Relationships, Art and Success
Updated: Feb 9, 2021
How often do you calibrate your accomplishments through success? If you have worked in the corporate world not an hour goes by without an email that uses the word “success.” I’ve come to realize it means a lot of different things to different people. Some take pride in accolades and others consider upleveling their role as a stimulation to work harder. While this has been largely my philosophy in the past I have come to comprehend that the perceived satisfaction from those things results in least exuberance.
After a long meandering thought process I concluded that feeling good about myself is the mark of success and that just means making a decent piece of artwork. For that to happen there are a few personal yardsticks for me.
Does my work have a positive impact on others?
Can I influence the community around me positively? Is there a positive moral or ethical outcome of my artistic expression? Can I heal someone who is going through tough times? Does my work facilitate a positive memory or trigger a positive thought or action?
Does it bring contentment and personal growth?
While I strongly believe that there is a correlation between creating artwork and self-actualizing growth, I also know first hand how it has enhanced my life and the people around me. For me there is an increased sense of self-acceptance and openness. My sincere hope is that with every piece of art I can enrich people’s lives beyond the walls of my tree house studio.
Has my community widened?
There is a constant quest within me to build new connections within my communities, with artists and cultural organizations. This is essential to integrate the arts more fully to enrich not just my neighborhood but the wider audience. I am sure we have all experienced the joy of meeting like minded people at a cafe or on a flight or at a museum or an event. I need to find those that re-energize me and push me to do more.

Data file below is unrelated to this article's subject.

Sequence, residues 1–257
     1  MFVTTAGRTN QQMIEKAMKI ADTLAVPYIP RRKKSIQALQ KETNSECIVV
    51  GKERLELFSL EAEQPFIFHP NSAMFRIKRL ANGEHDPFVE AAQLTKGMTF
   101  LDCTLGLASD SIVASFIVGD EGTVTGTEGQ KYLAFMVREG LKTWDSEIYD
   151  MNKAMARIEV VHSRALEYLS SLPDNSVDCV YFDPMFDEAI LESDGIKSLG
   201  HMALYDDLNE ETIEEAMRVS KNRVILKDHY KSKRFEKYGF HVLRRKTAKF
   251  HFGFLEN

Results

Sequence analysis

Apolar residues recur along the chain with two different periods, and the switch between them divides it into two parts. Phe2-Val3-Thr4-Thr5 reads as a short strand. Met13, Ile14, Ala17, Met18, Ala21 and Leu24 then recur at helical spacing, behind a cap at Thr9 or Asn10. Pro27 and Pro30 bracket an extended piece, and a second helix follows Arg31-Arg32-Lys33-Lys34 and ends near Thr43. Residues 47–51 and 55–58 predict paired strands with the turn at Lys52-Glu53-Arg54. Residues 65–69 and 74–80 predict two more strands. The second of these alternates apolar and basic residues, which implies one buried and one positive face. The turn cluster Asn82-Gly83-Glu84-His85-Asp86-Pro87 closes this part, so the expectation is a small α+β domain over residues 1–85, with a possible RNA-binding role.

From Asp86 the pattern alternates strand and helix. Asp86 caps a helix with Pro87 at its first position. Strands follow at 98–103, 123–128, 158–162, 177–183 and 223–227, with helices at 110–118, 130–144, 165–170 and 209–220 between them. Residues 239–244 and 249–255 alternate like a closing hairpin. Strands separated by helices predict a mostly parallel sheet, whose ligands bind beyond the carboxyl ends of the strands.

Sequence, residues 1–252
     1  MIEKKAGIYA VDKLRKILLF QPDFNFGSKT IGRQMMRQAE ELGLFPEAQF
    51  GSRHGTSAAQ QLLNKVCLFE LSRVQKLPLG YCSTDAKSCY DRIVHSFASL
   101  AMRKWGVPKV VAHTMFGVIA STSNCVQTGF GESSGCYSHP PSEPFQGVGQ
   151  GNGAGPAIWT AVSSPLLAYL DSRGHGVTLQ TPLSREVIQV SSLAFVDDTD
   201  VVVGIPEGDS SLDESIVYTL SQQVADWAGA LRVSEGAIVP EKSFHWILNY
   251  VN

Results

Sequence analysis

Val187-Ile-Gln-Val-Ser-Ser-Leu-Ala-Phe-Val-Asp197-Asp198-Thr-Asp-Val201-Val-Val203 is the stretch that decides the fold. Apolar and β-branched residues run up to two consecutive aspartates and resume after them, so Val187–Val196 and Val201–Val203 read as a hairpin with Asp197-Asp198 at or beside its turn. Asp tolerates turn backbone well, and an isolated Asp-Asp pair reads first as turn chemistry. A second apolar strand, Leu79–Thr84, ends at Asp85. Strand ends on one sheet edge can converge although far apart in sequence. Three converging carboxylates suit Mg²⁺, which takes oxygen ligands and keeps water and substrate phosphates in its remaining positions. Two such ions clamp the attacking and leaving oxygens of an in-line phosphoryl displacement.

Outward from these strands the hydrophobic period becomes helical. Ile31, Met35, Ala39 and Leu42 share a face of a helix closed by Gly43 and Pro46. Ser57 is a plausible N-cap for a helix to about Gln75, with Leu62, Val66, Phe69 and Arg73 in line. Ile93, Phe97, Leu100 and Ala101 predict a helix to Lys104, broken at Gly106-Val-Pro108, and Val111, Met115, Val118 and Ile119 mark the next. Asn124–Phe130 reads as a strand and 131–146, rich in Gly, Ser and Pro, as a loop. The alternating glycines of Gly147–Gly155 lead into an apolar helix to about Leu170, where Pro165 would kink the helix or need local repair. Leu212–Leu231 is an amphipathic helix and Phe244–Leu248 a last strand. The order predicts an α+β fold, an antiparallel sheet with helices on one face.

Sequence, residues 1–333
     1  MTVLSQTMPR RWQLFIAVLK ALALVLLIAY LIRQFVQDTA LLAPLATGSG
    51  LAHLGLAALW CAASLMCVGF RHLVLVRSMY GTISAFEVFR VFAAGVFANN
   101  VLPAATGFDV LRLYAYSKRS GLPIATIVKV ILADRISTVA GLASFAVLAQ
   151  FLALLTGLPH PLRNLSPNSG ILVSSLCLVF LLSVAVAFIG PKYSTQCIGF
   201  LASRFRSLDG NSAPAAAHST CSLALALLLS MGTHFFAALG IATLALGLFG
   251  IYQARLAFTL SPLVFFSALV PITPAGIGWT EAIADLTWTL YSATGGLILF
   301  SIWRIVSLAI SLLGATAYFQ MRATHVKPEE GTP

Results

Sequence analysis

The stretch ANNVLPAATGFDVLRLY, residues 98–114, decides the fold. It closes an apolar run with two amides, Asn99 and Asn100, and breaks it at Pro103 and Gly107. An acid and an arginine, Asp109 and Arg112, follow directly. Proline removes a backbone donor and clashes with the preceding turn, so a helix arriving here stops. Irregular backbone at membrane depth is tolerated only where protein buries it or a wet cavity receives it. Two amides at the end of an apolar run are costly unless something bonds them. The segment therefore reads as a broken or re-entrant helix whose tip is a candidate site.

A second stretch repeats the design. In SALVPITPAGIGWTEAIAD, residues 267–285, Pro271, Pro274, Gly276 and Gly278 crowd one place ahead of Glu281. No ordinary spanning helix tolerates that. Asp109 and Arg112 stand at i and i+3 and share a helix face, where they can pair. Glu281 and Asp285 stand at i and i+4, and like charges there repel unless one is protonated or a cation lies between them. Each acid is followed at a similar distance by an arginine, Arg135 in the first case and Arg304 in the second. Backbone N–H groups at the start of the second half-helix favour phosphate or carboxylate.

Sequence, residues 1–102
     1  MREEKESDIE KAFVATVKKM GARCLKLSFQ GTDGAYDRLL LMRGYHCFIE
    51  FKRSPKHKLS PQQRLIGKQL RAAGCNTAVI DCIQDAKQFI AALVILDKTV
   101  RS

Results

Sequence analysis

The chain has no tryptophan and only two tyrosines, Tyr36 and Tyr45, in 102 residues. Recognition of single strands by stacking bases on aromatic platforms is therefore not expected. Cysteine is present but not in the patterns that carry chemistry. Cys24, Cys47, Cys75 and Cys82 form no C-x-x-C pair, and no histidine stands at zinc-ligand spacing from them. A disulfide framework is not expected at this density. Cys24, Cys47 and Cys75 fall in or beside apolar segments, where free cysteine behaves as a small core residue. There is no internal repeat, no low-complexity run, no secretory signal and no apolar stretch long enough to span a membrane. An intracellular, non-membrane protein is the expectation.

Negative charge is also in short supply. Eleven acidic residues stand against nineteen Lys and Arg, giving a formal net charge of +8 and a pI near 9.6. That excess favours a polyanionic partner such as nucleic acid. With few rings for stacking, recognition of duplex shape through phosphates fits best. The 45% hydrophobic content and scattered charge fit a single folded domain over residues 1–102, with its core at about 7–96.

So we talked about art and my metrics for success. Allow me to delve into the relationships that influence my work and my definition of success. Let's start with my extended family and my vibrantly chaotic childhood. Where do I begin? If my childhood experiences were a visual, then it would be a colorful wall of warm colors with many textures and hues. Below is a sketch of my grandma I did as a teenager. She was the strongest influence on me and taught me to be positive, kind, generous and funny. I grew up watching her commitment to relationships and family.
More often than not, success isn’t measured by the value of your own work, but by the value, you serve to others. I learned that early on from living in a small communal home set up with ten something uncles and aunts and their families and my cousins. It was fascinating to collaborate, negotiate, share, understand the highs and lows of each of their families with little ‘room’ for privacy. Above all, I learned from watching the hard-working parents, their struggles and reliance on the family network and community to lead their lives.
After moving to the States the most significant influence was from my cocooned family. The meaning of success evolved, it meant having freedom. Freedom to follow your nose. I needed that freedom in order to create, and that creativity in order to pay the price for freedom. For better or for worse as they say, you deal with what life gives you... on your own. There is an innate sense of liberation, because of those childhood experiences you are now seasoned to face the failures that life throws at you. My friends and family remain my biggest influence to date and they linger in every piece of work you see.
I will leave you with a lesser-known fun fact, if you like paintings/sculptures (non-abstract forms of art), chances are you have a higher chance of admiring the creator who did it than the work per se. So there is my ego boost for the week...